Cultural Considerations in Eating Disorder Treatment

Young Woman already impacted by societal norms and body dissatisfaction

“The beauty of the world lies in the diversity of its people.” This quote is undoubtedly true, as our various cultural and societal experiences make us each invaluably unique human beings. It also relates to Cultural Considerations in Eating Disorder Treatment.

These cultural experiences and backgrounds are important to consider when interacting with others, recognizing that they may not have the same worldview as you do. These cultural experiences are also important in eating disorder treatment, as the cultural perceptions of the body, food, and the relationship one has with both are influenced by culture.

From East to West

Among various regions and cultures, there are thousands of micro-cultures that vary in their view of politics, religion, gender, marriage, body image, ethical values, social norms, etc.

Geographic location is not the only factor influencing culture, however, as there are numerous diverse cultures within the United States, where a reported 4% of non-Caucasians are diagnosed with anorexia nervosa (AN) or bulimia nervosa (BN) [1].

One study found that Jewish, Catholic, and Italian populations had a higher rate of eating disorder diagnoses, leading the researcher to consider how cultural attitudes on the importance of food impact eating disorders [1]. Culture can also change how one’s disordered eating views and behaviors manifest.

One example is that individuals diagnosed with anorexia nervosa (AN) in more Easternized countries, such as China, Japan, Singapore, Malaysia, and India do not present with fat-phobic ideas about the body, whereas this is generally seen as a traditional AN symptom in Western cultures [2].

Additionally, a survey of South African adolescents found that many of those that had scored positive on the Eat Attitudes Test (EAT) reported their preoccupation with food was not because of an eating disorder, but, instead, was related to poverty, food shortage, and hunger [2].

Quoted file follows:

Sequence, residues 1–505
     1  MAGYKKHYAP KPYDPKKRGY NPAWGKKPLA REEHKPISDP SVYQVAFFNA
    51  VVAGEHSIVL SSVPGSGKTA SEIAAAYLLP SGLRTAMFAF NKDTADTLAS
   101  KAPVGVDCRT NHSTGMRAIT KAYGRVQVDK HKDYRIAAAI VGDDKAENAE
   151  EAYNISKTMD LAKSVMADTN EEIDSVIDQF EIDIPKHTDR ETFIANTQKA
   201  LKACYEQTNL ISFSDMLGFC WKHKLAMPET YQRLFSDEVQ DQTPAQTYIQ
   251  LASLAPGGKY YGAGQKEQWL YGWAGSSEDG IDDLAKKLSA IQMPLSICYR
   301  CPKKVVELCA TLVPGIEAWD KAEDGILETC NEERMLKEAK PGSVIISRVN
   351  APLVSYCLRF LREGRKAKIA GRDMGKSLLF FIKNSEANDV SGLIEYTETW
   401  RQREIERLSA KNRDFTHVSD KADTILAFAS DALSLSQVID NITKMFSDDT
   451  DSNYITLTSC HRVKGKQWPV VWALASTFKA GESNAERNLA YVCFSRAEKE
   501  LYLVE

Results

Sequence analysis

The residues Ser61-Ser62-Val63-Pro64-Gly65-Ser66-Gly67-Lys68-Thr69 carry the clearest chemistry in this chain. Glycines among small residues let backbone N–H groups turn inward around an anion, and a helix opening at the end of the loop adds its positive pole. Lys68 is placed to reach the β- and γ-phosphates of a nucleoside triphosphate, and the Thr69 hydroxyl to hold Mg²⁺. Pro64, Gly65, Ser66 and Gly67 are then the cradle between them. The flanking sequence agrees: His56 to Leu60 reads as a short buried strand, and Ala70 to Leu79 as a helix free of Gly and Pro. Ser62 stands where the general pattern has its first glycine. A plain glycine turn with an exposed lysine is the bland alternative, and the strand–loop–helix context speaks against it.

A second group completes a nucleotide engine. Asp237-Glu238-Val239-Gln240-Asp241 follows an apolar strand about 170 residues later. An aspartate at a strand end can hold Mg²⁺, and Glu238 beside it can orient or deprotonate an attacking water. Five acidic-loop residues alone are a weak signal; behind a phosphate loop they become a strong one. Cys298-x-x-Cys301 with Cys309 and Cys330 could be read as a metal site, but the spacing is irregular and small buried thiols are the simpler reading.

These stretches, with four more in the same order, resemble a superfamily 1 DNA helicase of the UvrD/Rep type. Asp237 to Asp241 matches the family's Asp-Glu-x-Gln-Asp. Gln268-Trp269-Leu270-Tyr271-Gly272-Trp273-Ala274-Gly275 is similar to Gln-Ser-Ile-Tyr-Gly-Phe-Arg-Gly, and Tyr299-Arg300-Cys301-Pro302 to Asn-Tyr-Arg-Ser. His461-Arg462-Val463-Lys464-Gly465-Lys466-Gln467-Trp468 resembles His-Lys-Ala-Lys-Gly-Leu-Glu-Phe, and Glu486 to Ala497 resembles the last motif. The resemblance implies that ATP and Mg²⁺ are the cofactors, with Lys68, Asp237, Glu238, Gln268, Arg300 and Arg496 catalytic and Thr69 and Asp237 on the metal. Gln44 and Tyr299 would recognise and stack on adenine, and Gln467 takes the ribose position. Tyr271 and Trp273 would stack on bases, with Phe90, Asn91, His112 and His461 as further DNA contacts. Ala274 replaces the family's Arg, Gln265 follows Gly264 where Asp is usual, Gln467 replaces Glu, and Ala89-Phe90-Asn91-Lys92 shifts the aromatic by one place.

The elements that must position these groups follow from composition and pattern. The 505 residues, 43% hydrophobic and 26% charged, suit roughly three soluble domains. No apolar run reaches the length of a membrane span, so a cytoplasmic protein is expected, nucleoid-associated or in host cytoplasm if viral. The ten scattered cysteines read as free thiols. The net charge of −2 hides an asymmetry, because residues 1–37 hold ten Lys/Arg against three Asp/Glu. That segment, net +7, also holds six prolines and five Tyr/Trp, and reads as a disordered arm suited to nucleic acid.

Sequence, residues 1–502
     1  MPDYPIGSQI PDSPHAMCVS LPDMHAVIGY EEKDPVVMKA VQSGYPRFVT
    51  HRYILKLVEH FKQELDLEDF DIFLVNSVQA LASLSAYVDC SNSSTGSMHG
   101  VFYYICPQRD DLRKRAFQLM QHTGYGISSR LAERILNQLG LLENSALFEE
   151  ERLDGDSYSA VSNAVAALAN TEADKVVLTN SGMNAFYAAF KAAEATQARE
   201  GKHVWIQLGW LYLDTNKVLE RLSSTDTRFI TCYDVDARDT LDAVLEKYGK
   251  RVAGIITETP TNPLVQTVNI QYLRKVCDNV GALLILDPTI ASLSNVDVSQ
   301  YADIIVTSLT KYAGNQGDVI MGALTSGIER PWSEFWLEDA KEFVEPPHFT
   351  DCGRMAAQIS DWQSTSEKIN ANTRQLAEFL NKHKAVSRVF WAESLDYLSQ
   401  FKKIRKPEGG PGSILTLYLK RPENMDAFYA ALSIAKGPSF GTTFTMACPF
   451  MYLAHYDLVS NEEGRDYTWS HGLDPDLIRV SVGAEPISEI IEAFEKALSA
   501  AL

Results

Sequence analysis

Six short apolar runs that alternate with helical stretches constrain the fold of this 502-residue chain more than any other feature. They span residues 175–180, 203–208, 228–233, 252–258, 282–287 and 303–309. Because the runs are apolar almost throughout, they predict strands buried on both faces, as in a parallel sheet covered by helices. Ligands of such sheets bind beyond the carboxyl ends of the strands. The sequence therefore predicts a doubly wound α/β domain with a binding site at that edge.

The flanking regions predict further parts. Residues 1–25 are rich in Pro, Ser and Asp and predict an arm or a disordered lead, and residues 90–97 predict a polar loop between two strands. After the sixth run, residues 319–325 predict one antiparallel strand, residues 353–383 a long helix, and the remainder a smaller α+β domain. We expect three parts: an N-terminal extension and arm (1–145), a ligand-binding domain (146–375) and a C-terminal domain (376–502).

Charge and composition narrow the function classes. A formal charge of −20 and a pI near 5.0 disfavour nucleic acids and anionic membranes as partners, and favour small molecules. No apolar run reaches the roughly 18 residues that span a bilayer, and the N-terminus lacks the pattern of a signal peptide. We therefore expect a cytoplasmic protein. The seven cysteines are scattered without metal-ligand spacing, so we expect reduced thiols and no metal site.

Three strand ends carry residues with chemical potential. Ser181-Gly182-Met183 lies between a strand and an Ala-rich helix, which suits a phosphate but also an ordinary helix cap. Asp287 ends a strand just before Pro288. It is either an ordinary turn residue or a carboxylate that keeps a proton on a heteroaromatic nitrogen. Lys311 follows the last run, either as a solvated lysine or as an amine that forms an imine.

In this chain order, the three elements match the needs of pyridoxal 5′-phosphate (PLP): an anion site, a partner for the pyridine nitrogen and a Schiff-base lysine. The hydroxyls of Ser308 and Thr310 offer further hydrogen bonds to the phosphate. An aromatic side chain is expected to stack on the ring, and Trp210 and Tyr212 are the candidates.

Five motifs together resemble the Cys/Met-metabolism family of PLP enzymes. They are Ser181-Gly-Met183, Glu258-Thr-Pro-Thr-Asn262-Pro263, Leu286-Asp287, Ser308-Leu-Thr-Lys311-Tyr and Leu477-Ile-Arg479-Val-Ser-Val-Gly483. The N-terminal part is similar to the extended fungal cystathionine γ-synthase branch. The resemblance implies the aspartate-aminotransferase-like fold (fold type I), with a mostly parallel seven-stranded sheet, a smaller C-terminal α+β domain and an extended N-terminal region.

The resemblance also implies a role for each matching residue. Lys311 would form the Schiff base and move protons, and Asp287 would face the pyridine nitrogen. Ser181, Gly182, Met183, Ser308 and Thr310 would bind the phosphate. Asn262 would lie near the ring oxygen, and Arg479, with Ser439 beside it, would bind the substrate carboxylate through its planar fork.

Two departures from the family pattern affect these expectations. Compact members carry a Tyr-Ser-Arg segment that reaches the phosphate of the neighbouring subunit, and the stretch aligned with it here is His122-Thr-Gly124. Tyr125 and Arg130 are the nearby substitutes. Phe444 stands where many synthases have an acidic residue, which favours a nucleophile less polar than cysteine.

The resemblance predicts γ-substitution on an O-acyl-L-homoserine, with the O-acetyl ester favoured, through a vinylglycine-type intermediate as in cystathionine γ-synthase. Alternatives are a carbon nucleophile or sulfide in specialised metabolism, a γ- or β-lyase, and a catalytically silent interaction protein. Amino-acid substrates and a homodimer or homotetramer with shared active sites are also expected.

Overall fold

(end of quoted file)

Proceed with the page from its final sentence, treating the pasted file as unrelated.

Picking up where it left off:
Asking About Culture

All of this is incredibly important because it shows the many ways an individual’s cultural experiences and upbringing can impact their beliefs related to the body, food, and the self. Treating an individual with AN from Japan by normalizing fat might not be applicable based on the trend that AN commonly exists without fat-phobia in that culture.

Girls from Vietnam walking with bicycleThe crux of treatment lies in understanding that each individual is different as so their experience of the world and their eating disorder. Do not assume to understand why an individual feels or behaves the way they do.

Ask them.

What is their relationship to the body? What do they feel the body is intended for? How are they connected to it?

What is their relationship with body image? How does this relate to their eating disorder, or, does it? What is their relationship with their family and how does this impact their disorder eating behaviors?

Is their religion important to them? What do they believe and how does this relate to their body or eating habits? How do they view societal ideas of body image and nutrition and is this different from what they have been taught or what they believe?

There are so many questions to be asked that open up door after door on what an individual’s cultural experience is and how that plays into their relationship with the body and food. Every individual is an expert on their own life and perspective, remain open and understanding to letting them tell you how their cultural experiences impact them.


[1] Miller, M. N., Pumariega, A. J. (2001). Culture and eating disorders: a historical and cross-cultural review. Psychiatry, 64:2.

[2] Becker, A. E. (2007). Culture and eating disorders classification. International Journal of Eating Disorders.

Image of Margot Rittenhouse.About the Author: 

Margot Rittenhouse, MS, PLPC, NCC is a therapist who is passionate about providing mental health support to all in need and has worked with clients with substance abuse issues, eating disorders, domestic violence victims, and offenders, and severely mentally ill youth.

As a freelance writer for Eating Disorder Hope and Addiction Hope and a mentor with MentorConnect, Margot is a passionate eating disorder advocate, committed to de-stigmatizing these illnesses while showing support for those struggling through mentoring, writing, and volunteering. Margot has a Master’s of Science in Clinical Mental Health Counseling from Johns Hopkins University.

The opinions and views of our guest contributors are shared to provide a broad perspective on eating disorders. These are not necessarily the views of Eating Disorder Hope, but an effort to offer a discussion of various issues by different concerned individuals.

We at Eating Disorder Hope understand that eating disorders result from a combination of environmental and genetic factors. If you or a loved one are suffering from an eating disorder, please know that there is hope for you, and seek immediate professional help.

Published on February 22, 2019.
Reviewed & Approved on February 22, 2019, by Jacquelyn Ekern MS, LPC

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About Baxter Ekern

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